The donor zone theory (from where follicular units that are not prone to androgenetic alopecia are taken) in hair transplantation was proposed by Dr. Norman Orentriech in 1952 after a hair transplantation that was considered, at the time, a success.
During this event, hair was taken from the occipital part of the scalp and was implanted into the area subject to alopecia.
Dr. Orentriech then hypothesized that the hair that was taken from the occipital area had characteristics independent of the recipient area.
This type of study was first published in 1959.
Why is donor zone dominance important?
The donor zone concept in hair transplantation demonstrates how follicular units that are taken from the zone considered “safe” can regenerate new hair once transplanted. Since the transplanted UFs produce healthy hair in areas where previous hair has fallen out, it was concluded that the genetics of hair extracted from the occipital area is dominant over the recipient area.
Donor zone and dht
DHT (dihydrotestosterone) is a hormone that for some people binds with hair cell receptors and causes various forms of hair loss (miniaturization) in a progressive manner over time. Hair follicles in the donor zone however are considered resistant to the action of this hormone (as we mentioned at the beginning of the article). Therefore, the follicles of the donor area will continue to regrow regardless of the area where they are grafted.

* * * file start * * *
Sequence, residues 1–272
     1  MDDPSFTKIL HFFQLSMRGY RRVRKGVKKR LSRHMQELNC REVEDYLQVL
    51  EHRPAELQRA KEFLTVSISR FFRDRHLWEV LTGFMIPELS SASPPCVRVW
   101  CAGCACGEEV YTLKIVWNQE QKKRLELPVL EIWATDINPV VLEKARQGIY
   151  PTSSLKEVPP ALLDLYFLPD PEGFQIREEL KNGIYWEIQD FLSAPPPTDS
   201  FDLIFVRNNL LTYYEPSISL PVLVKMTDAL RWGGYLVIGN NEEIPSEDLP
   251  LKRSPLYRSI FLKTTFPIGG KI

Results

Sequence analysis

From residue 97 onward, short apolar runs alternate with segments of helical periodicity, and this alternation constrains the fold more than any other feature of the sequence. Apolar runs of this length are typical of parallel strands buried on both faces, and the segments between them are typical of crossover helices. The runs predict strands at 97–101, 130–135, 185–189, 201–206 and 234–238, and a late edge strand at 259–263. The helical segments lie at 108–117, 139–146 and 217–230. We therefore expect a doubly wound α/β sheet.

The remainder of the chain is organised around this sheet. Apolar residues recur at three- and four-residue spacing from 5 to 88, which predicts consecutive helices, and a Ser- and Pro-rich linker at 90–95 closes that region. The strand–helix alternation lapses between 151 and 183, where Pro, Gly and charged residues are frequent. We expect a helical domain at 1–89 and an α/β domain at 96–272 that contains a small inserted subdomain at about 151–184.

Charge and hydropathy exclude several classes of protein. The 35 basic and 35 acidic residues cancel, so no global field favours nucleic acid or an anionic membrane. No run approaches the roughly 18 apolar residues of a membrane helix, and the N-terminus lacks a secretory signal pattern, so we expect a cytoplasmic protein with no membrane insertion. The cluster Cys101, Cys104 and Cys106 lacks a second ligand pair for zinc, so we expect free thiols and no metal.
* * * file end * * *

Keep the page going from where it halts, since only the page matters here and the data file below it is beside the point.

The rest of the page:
The theory of donor area dominance therefore explains thatthere are hairs that are not sensitive to DHT that will continue to grow even in areas where androgenetic alopecia due to this hormone occurs.
Medicine and donor area, scholars’ objections.
There have been several diatribes between scholars and the donor zone theory. Dr. Norwood, the person in charge of the Hamilton/Norwood classification was the first physician to raise concerns towards this type of theory since he has always argued that a hair taken from one area slightly changes its characteristics once it is grafted into another (in a nutshell, it tries to resemble the hair born in that area).
Dr. Norwood observed that a smooth hair grafted into a glabrous area where there was initially curly hair became curly over time.
Dr. Orentriech’s theory, on the other hand, stated the opposite, i.e., that a harvested hair should retain exactly the native characteristics.
Another study of 2005 demonstrated the inaccuracy of Dr. Orentriech’s theory as hair was taken from the occipital area, grafted into a leg and it was observed that the hair started to grow more slowly (thus in agreement with the native regrowth times of leg hair).
Based on these results, we can say that the recipient area also has a very important impact on hair characteristics.
Is the donor-zone theory in hair transplantation valid?
Regardless of these studies we can say that the donor zone theory works in part since hair follicles maintain their characteristics of insensitivity to DHT but acquire some characteristics of the zone where they are grafted. Therefore, the theory can be considered partially valid.